United States District Court, District of Columbia
N. MCFADDEN, UNITED STATES DISTRICT JUDGE.
Jo Ann Wilkerson claims that her former employer, the Federal
Deposit Insurance Corporation (“FDIC”),
discriminated against her on the basis of her race, sex, and
age, and requests relief under Title VII of the Civil Rights
Act of 1964, 42 U.S.C. § 2000e et seq., and the
Age Discrimination in Employment Act, 29 U.S.C. § 633a.
Am. Compl. ¶ 1, ECF No. 10. The FDIC moved for summary
judgment. Upon consideration of the pleadings, relevant law,
related legal memoranda in opposition and in support, and the
entire record, the Court finds that no genuine issue of
material fact exists and that the FDIC articulated
legitimate, non-discrimination reasons for its actions, which
Ms. Wilkerson has not rebutted as pretextual. Accordingly,
the Defendant's motion for summary judgment will be
Ms. Wilkerson's Employment at the FDIC
Wilkerson is a 58 year old,  African-American woman who served
as a Senior Community Affairs Specialist within the
FDIC's Outreach and Program Development Section (the
“Section”). Id. ¶ 5. She held this
role, a CG-15 level position, as a term employee for four
years, between February 2011 and February 2015. Id.
¶ 8. Ms. Wilkerson describes her responsibilities to
include “conduct[ing] research on community development
issues of concern to financial institutions, and 
develop[ing] educational/outreach material to help facilitate
bank investment in economic and community development
projects.” Id. One of the educational
materials on which she worked was a handbook called
“Strategies for Community Banks to Develop Partnerships
with Community Development Financial Institutions” (the
“CDFI Guide”). See id. ¶¶ 9,
her tenure at the FDIC, Ms. Wilkerson's first-level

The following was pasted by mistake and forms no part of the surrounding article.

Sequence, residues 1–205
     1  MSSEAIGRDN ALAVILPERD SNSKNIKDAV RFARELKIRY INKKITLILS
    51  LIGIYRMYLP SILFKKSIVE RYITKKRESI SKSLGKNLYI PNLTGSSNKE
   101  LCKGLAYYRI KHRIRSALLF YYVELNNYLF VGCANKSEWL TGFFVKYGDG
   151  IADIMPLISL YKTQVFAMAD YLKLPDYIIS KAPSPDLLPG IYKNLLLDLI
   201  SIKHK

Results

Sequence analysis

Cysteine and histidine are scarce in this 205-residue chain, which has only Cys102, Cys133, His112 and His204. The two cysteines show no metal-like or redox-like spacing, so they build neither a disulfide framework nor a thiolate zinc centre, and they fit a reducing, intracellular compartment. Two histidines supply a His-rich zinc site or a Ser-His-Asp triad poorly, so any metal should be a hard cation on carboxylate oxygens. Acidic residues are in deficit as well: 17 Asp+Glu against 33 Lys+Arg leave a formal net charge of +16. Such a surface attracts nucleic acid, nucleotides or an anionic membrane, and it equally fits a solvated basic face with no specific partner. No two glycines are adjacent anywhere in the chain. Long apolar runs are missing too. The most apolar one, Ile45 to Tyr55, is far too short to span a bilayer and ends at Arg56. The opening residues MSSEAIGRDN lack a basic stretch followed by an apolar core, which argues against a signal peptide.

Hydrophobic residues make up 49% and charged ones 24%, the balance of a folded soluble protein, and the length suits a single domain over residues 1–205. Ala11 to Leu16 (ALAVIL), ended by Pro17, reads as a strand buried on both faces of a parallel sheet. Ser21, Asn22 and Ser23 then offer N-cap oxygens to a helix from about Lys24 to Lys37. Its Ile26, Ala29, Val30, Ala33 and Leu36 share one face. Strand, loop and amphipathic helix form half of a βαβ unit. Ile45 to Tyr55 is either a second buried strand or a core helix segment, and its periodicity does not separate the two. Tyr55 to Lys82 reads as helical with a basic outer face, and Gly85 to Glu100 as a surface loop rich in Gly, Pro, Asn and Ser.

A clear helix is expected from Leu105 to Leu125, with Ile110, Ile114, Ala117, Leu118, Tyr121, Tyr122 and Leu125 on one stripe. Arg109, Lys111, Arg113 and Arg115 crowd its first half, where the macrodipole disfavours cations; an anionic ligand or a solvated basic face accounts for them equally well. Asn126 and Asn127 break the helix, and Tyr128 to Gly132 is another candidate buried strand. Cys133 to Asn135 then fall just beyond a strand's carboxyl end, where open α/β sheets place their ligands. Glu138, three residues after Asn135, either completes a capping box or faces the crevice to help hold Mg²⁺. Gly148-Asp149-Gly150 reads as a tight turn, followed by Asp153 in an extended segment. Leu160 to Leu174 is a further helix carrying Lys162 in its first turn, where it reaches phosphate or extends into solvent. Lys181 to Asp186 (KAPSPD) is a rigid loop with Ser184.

supervisor was Section Chief Luke Reynolds, who Ms. Wilkerson
characterizes as “a white male in his late 30s.”
Id. ¶ 8. For most of her tenure, Ms.
Wilkerson's second-level supervisor was Elizabeth Ortiz,
Deputy Director of the FDIC's Division of Depositor and
Consumer Protection, but Janet Gordon, Associate Director of
the Section, became her second-level supervisor for the last
nine months of her term (i.e., June 2014 to February
2015). Def.'s Statement of Material Facts as to Which
There is No. Genuine Dispute (“Def.'s SOMF”)
¶¶ 4-5, ECF No. 17.
Ms. Wilkerson's Complaint - Discrimination
Wilkerson alleges that the FDIC discriminated against her on
the basis of her race, sex, and age, particularly as compared
to a “younger white male colleague, ” James
Yagley, who held the same position as Ms. Wilkerson and was
another of Mr. Reynolds' direct reports. Am. Compl.
¶ 9. Her discrimination claims fall into three
Ms. Wilkerson claims that in the time leading up to November
2014, she received disparate treatment than Mr. Yagley, such
as: (i) being told that she was not permitted to travel to
meetings and conferences as a term employee; (ii) being
denied access to certain shared electronic resources (e.g.,
computer drive, Community Affairs folder, CARDs system);
(iii) not being given a laptop; (iv) not being provided
opportunities to present at meetings of the Regional
Community Affairs Officers or moderate national webinars; (v)
not being able to attend the meetings of the FDIC
Chairperson's Advisory Committee of Economic Inclusion;
and (vi) being denied attendance at the Community
Reinvestment Act training held in March 2012 and the
FDIC's Examination School for Non-Examiners held in
February 2015. Id. ¶ 10. She also alleges
that her performance rating of “III - Accomplished
Practitioner” on her 2013 performance evaluation was